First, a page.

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Khorasan to al-Quds and the Ghazwa-e-Hind

[ by Charles Cameron — expecting the unexpected — transcribing Bill Roggio on “something that everyone is overlooking” and Ambassador Haqqani on “one of the unwritten books it has been my desire to write” ]

I’ve talked about the “Black Banners” hadith and the Mahdi‘s victorious army marching from (roughly) Afghanistan to Jerusalem more than once, and perhaps less frequently, the other prong of the jihad, the Ghazwa-e-Hind, which flows from Pakistan into India. In the video that follows, Bill Roggio of the Long War Journal talks with Husain Haqqani, one-time Pakistani Ambassador to the US — and both have some striking things to say.

We pick up the conversation close to the end of the first half of a two-tape session at the Foundation for the Defense of Democracies — and I’ve provided a transcript after the video, for easier quotation and annotation.



One of Al-Qaida’s propaganda since it took a beating in Iraq was, that they made the Khorasan, which is an old Islamic empire basically in central Asia and South Asia, they said that this is where we are going to beat them, and once we win in the Khorasan, we’re going to move towards the Levant. So this has become a key part of AQ’s propaganda. What do we think is going to happen when we lose in Afghanistan, when the second superpower loses? That is going to be a huge recruiting boom for foreign terrorists operating in Afghanistan. I think this is something that everyone is overlooking as we’re running for the doors in Afghanistan.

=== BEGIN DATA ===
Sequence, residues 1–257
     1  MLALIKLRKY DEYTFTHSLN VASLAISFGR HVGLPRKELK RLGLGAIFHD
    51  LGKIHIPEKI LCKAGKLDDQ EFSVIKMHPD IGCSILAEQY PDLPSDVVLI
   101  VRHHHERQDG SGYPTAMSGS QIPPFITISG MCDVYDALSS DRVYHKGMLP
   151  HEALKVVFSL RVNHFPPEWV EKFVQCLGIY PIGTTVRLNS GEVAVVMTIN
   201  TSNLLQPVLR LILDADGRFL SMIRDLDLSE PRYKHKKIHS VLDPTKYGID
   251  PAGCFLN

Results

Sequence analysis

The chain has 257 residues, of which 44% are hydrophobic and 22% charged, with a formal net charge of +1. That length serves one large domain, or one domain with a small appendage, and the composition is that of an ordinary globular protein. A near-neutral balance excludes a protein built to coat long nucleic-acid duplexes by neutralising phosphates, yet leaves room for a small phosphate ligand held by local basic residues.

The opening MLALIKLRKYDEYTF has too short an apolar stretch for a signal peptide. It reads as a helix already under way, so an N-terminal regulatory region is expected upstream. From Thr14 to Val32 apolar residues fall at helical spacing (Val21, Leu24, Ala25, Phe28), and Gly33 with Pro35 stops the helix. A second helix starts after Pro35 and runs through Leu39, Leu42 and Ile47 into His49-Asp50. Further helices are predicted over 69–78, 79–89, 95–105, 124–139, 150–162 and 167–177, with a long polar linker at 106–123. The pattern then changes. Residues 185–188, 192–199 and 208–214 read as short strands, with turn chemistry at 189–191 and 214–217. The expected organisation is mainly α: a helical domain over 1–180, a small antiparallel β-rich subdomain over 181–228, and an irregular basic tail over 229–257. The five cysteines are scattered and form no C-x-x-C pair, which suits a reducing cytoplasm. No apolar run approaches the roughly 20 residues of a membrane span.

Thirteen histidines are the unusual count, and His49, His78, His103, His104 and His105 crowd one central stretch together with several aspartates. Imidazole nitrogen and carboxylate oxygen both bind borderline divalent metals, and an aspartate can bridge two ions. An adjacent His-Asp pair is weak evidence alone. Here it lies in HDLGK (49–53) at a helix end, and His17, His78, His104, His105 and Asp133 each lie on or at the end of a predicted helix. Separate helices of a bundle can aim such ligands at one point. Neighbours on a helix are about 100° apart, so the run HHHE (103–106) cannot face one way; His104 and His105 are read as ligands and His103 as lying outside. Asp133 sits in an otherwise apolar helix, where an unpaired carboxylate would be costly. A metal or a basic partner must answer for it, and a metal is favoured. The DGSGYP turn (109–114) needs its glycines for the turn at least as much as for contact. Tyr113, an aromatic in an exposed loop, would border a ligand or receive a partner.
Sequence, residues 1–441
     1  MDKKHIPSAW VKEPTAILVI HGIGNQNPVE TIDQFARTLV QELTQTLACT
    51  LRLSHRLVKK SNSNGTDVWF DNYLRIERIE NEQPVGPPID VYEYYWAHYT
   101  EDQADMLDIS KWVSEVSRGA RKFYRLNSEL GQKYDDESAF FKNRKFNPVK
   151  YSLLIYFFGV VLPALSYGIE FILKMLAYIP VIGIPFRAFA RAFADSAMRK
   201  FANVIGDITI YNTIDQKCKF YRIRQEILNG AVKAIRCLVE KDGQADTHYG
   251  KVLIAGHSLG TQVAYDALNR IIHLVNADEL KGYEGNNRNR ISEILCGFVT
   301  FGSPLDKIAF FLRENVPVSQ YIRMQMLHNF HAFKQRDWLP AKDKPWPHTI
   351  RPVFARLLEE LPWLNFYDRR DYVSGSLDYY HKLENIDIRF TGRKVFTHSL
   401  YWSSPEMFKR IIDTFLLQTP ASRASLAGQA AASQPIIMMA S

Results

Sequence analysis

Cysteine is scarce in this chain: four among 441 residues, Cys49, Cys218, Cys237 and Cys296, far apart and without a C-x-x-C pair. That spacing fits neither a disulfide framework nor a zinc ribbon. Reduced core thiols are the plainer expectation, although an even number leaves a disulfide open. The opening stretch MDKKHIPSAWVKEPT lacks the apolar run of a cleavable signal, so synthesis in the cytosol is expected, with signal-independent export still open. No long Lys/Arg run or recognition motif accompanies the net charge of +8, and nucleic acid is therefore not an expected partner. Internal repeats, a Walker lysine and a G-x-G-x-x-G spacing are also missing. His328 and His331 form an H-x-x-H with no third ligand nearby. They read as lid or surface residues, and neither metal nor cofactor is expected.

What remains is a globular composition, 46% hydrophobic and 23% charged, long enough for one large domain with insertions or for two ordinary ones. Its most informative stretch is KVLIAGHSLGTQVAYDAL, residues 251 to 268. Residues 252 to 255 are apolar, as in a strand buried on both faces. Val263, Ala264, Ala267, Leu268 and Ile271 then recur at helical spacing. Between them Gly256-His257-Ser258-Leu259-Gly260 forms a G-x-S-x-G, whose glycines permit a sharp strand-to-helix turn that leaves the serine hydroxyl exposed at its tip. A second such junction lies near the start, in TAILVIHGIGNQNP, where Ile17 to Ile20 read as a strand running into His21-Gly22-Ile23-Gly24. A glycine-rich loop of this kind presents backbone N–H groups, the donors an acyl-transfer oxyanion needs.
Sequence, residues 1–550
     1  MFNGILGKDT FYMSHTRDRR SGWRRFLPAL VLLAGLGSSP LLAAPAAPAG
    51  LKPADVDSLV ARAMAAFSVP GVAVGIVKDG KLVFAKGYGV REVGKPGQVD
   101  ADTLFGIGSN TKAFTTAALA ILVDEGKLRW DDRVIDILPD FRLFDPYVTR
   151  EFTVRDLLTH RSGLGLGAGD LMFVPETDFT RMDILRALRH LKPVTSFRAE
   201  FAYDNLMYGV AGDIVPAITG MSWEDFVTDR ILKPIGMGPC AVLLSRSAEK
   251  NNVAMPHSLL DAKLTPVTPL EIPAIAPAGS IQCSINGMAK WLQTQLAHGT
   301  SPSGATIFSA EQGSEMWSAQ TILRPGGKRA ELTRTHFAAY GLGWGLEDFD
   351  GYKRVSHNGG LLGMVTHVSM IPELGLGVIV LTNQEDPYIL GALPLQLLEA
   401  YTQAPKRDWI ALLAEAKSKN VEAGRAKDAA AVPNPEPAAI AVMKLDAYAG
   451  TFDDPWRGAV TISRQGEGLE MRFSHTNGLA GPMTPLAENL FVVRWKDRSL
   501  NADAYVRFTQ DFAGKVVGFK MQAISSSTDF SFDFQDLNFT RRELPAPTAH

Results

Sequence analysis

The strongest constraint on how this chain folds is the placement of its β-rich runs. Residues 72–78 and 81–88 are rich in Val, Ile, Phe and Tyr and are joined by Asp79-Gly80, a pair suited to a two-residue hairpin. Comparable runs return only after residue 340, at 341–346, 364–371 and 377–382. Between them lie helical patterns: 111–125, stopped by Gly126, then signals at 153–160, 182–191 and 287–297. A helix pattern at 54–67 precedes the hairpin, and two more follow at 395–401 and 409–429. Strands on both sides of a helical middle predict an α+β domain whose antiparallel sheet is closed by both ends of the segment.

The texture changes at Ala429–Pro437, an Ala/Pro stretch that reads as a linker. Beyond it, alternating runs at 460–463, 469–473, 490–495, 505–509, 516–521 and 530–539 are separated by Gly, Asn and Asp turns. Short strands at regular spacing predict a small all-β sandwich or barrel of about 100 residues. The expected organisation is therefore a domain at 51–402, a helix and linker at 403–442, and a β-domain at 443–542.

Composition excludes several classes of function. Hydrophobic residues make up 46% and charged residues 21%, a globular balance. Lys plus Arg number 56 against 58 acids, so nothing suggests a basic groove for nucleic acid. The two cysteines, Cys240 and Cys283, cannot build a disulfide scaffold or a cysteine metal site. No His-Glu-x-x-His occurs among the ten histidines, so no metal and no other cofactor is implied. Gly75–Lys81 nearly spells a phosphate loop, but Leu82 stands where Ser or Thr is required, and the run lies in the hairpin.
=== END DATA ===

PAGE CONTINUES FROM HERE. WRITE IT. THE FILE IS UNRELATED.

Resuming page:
That’s a pretty powerful prediction, though prediction itself is a high risk enterprise. And it bears repeating that the Khorasan hadith is explicitly an “end times” prophecy. Ambassador Haqqani then doubles up on Bill Roggio’s concern, adding in the Ghazwa-e-Hind, which he describes as both “famous” and “the final, biggest war between good and evil and between Islam and kufr”…

A lot of people make fun of the Pakistani analyst and Youtube personality, Zaid Hamid, who seems to be the main public proponent of the Ghazwa — take a look here to see a wild sampler! — which is why I find Ambassador Haqqani’s response particularly impactful.


You know, there are days when I think I should have stayed in the scholarship business and written some of that stuff I was writing at that time. This was one of the things, even before Iraq, I had pointed out. For example, bin Laden had given a statement at that time about Americans being the new Mongols, and nobody could understand what he was talking about, and I said he’s talking about the 1258 conquest of Baghdad, and he’s playing on Islamic history and Islamic mythology.